Re the OP#1 situation: controversial point here, but I wonder if a lot of the women who don’t see this as an issue simply work in very female-dominated fields where there’s a lot less opportunity for something like this to happen? Or are in fields where workplace norms around the boundaries between personal and professional lives tend to be different?

    1. Avasarala*

      I think a lot of people would like to see systemic issues as personal failings. It means the problem is much smaller and easier to understand, and means the solution is “person who is not me just needs to try harder/be better”. Much easier than trying to reckon with the ways the game is set against us and how we are all subconsciously complicit.

  45. BigRedGum*

    #2. I just called my coworker out (in a private way that didn’t have her name) for doing the same thing. she got FURIOUS with me. Blocked me on social media, LOL, which is not surprising because she is very young. a few of my coworkers thought i should have said nothing, but NOPE. endangering me and everyone else is super selfish and I’m not accepting that.

  46. Captain dddd-cccc-ddWdd (ENTP)*

    OP1, I would be so tempted to do the reverse of the episode of Friends where Rachel goes for an interview for Gucci (“Gucky”!) in a restaurant but her boss is listening in, known to her but unknown to the interviewer.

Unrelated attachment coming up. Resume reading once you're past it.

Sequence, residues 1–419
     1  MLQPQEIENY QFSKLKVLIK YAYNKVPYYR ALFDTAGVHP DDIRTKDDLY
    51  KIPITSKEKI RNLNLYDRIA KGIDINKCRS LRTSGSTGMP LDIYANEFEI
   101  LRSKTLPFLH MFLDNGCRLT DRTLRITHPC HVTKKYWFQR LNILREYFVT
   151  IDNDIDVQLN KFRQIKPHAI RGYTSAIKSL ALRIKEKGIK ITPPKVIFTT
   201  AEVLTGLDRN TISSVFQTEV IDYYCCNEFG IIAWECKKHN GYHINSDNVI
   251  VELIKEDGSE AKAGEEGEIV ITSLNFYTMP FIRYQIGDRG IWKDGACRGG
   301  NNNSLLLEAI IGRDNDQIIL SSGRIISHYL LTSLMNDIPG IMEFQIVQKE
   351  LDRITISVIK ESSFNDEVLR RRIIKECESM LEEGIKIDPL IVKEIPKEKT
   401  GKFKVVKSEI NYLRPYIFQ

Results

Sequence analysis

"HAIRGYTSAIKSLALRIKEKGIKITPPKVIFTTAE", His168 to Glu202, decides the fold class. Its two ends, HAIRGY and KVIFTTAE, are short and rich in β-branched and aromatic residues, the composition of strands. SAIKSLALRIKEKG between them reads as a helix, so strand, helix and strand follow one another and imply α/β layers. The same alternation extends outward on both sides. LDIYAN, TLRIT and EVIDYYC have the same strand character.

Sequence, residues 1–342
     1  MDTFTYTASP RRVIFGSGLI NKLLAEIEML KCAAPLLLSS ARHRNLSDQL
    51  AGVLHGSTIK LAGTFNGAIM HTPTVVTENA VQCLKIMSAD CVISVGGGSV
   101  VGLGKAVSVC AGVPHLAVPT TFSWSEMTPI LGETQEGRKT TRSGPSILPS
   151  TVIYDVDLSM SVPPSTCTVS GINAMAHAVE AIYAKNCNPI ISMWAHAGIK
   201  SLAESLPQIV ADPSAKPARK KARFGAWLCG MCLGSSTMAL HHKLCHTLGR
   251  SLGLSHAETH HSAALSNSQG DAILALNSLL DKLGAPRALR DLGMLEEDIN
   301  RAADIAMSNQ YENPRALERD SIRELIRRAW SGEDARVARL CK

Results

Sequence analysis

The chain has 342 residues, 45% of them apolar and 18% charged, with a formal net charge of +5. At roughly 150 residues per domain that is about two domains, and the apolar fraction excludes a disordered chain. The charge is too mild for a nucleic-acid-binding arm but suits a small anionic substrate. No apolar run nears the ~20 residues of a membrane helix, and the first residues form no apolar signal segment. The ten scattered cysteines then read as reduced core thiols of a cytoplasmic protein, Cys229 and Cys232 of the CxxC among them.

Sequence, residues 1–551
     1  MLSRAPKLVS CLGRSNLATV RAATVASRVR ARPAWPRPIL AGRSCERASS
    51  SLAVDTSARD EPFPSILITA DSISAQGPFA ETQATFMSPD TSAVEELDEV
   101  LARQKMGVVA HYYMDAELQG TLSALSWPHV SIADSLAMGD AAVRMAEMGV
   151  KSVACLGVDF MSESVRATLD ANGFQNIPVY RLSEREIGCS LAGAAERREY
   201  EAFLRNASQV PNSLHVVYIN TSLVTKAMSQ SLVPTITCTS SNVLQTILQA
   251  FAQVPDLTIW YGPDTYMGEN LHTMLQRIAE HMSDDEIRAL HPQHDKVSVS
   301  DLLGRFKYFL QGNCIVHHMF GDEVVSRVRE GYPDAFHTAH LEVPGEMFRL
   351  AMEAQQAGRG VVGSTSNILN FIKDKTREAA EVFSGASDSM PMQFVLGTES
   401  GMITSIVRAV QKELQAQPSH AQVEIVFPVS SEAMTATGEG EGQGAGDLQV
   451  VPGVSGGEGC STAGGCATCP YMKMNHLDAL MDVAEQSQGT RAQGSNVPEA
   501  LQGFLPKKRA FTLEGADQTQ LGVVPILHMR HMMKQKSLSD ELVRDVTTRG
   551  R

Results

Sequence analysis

[for those who haven’t seen this episode… she goes for an interview for a better job with “Mr X”, the interview is in a restaurant, but the table she and the interviewer sit at is just behind where her current boss happens to be dining! So she asks the host to move her to a different table, but they can’t because this is always Mr X’s table! Then she bombs the interview by pretending it’s a date (e.g. “well, Miss Greene, you have a very impressive resume!” – “Resume? Oh you mean my online dating profile?”, and trying but failing to convey to her interviewer that her current boss is sat right behind, and current boss figures out what’s going on.]

    So you get to this presumed date and the guy starts asking personal / chatup questions, and you answer as if it’s an (informational) interview!

    It isn’t serious suggestion, obviously, but an amusing scenario to think about. Although if I judged that the guy wasn’t creepy I might do it!

  47. Lisa Large*

    Family member currently under quarantine following exposure from coworkers who went against protocol to party and are now COVID 19 positive. Entire facility at risk. LW2 please advise HR when coworkers put us all at risk, just to follow their own agenda.

  48. EngineerMom*

    I just wanted to say, I love how Ask a Manager creates titles/jobs/responsibilities with a sense of humor!

    “llama groomer”
    “teapot designer”

  49. Pomona Sprout*

    Ugh, that old white dude’s comment was gross! I’m an old white lady, andeven I can see that.

    There are an awful lot of white people who I believe sincerely mean well but yet often get important things very wrong. I think it’s a shame that we aren’t doing a better job of educating children about this kind of stuff. (Adults, too, at least those whose attitudes aren’t already set in concrete.)

    1. Pomona Sprout*

      ARGH, that was supposed to be a reply to a comment to another comment… never mind. Just ignore this, lol.

  50. LW2*

    Thank you so much Alison. One starts to feel crazy sometimes when everyone else is reacting differently. I’ll send an update if anything notable happens. Thank you also for all the commenters who are making me feel sane that this is indeed a problem.